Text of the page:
2 thoughts on “Civil War Battles of Tennessee”

  1. Looking for information on the 22nd Virginia cavalry. Trying to find out all the battles they fought after May 1863 up until November of 1863. Thanks for any and all help

    1. It’s more than you asked for, but hope this helps

      22nd Cavalry CSA “Bowen’s Regiment Virginia Mounted Riflemen”
      May Formed by adding eight companies to Baldwin’s Partisan Rangers. Baldwin’s two companies became Company A and Company E of the new regiment. Colonel Henry S. Bowen, Lieutenant Colonel John T. Radford and Major Henry F. Kendrick were assigned as field officers.
      Many of the new recruits had served in the 37th Virginia Infantry Regiment. The regiment was assigned to the Department of Western Virginia.
      September 1 Jonesboro, Tennessee
      September 12 Jonesboro, Tennessee
      September 21 Jonesboro, Tennessee
      October 24 Nicholas County
      December 9 Logan County
      December 15 Scott County
      December 17 Russell County
      April Assigned to Jenkins’ Cavalry Brigade, Department of Western Virginia.
      April 24 Breathitt County, Kentucky
      May Assigned to McCausland’s Brigade of Lomax’s Cavalry Division, Army of the Valley.
      May 7 Abb’s Valley
      May 9 Cloyd’s Mountain
      May 10 New River Bridge
      May 13 Jackson’s Ferry & Covington
      May 15 Abb’s Valley
      May 31 Pike County
      June 1 White Sulpher Springs, WV
      June 2 Covington VA
      June 4 Panther Gap
      June 6 Goshen
      June 7 Buffalo Gap
      June 8 Staunton Road
      June 10 Arbor Hill, Newport, Middlebrook and Brownsburg
      June 11 Lexington
      June 13 Buchanan
      June 15 Fancy Farm
      June 16 Otter River
      June 17 Forrest Depot
      June 18 Lynchburg
      June 20 Liberty
      June 21 Salem
      July 3 Leetown
      July 4 North Mountain Depot
      July 7 Hagerstown, MD
      July 8-9 Battle of Monocacy
      Major Kendrick was wounded in the hip and captured.
      July 10 Urbana, MD
      July 11 Rockville, MD
      July 12 Attack on Fort Stevens, Washington D.C.
      July 14 Edwards Ferry VA
      July 15 Snicker’s Gap, VA

      July 16 Loudoun County
      July 18 Ashby’s Gap, VA

      July 19 Berry’s Farm
      July 20 Stehenson’s Depot, VA
      July 23 Second Battle of Kernstown
      July 29 Mercersburg, PA
      July 30 Burning of Chambersburg
      August 2 Cumberland, MD
      August 4 New Creek, WV
      August 5 Shenansoah Valley
      August 7 Battle of Moorfield
      Federal cavalry caught McCausland’s brigade in camp by surprise after Union ‘Jesse Scouts’ dressed in Confederate grey captured the picket. The camp was overrun at dawn, capturing around five hundred men from the brigade. The catured men were imprisoned at Cam Chase, Ohio, for the rest of the war.
      August 9 New Creek Station VA
      August 10 Charles Town, WV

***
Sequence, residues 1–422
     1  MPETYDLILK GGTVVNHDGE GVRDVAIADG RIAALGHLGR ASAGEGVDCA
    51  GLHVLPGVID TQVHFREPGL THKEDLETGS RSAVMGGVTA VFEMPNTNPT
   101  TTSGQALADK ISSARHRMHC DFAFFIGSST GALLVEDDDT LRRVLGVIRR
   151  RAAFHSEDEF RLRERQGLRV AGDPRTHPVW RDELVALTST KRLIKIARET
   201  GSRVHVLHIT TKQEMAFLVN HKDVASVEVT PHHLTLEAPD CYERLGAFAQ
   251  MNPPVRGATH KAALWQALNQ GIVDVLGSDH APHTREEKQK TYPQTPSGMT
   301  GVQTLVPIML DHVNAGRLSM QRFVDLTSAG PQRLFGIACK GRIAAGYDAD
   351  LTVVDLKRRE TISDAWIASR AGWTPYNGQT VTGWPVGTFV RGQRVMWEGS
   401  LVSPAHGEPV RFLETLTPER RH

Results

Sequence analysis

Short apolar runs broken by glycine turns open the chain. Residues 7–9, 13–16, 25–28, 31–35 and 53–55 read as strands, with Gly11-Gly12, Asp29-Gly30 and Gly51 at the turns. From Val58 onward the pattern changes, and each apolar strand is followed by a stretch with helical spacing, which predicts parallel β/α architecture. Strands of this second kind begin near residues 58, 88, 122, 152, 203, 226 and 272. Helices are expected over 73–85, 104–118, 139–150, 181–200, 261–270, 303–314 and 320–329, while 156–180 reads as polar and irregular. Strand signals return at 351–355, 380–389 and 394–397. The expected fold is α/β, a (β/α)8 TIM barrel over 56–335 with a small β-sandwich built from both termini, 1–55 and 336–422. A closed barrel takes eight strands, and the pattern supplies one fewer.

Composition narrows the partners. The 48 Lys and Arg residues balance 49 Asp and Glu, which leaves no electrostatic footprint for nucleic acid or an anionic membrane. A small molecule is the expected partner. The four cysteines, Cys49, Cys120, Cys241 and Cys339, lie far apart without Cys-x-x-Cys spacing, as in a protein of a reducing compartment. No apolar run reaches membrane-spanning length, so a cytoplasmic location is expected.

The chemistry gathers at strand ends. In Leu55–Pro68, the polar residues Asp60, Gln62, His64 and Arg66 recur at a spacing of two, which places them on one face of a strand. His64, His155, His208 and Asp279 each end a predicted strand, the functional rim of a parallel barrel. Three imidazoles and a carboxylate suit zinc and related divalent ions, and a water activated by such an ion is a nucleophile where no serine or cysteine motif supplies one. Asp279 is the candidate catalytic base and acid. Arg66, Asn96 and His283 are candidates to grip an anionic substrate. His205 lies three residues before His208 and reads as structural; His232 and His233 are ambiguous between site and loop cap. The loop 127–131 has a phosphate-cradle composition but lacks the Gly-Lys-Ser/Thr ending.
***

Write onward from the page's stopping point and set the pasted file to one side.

August 11 Newtown, VA
      August Assigned to Bradley Johnston’s Brigade of Lomax’s Cavalry Division

      August 15 Charles Town, WV
      August 17 New Creek, WV
      August 21 Summit Point, WV
      August 25 Kearneyville, WV
      August 28 Opequan Creek, VA
      September 1 Brandy Station, VA
      September 2 Bunker Hill, VA
      September 3 Berryville, VA
      September 4 Maritinsburg, WV
      September 10 Big Spring WV
      September 12 Darkesville, WV
      September 19 Third Battle of Winchester
      The regiment acted as rear guard while Early’s army retreated after the battle to Fisher’s Hill.
      September 21 Front Royal Pike
      September 22-24 Battle of Fisher’s Hill

      September 24 Harrisonburg and Timberville, VA
      September 25 Gaines Crossroads, VA
      October 1 Port Republic, VA
      October Returned to McCausland’s Brigade.
      October 8-9 Battle of Tom’s Brook
      October 19 Battle of Cedar Creek

      October 23 Bentonville, VA
      October 26 Milford, VA
      October 29 Beverly, WV
      November 12 Nineveh (Cedarville), VA
      Lieutenant Colonel Radford was killed.
      November 22 Front Royal, VA
      December 17 Berry’s Ford, VA
      December 20 Madison Court House, VA
      December 23 Jack’s Shop, VA
      December 24 Gordonsville, VA
      January 29 Moorfield WV
      February 6 Balltown, WV
      February Major Kendrick was exchanged.
      March Ordered with the rest of Rosser’s Division to leave the Valley and join the Army of Northern Virginia at Petersburg.
      March-April Siege of Petersburg
      March 29 Quaker Road, VA
      March 31 Dinwiddie Court House, VA
      April 1 Battle of Five Forks

      April 2 Sutherland Station, VA
      April 3 Namozine Church, VA
      April 5 Avery’s Church Road, VA
      April 6 Jetersville, VA
      April 6-7 High Bridge, VA
      April 7 Cumberland Chuch (Farmville)
      April 9 Appomattox Court House
      The regiment cut its was through Union lines and escaed the surrender. Only two men, Corporal J.W. Whitman and Private A.H. Tate of Company G, surrendered with Lee’s army.
      Mid-April The regiment disbanded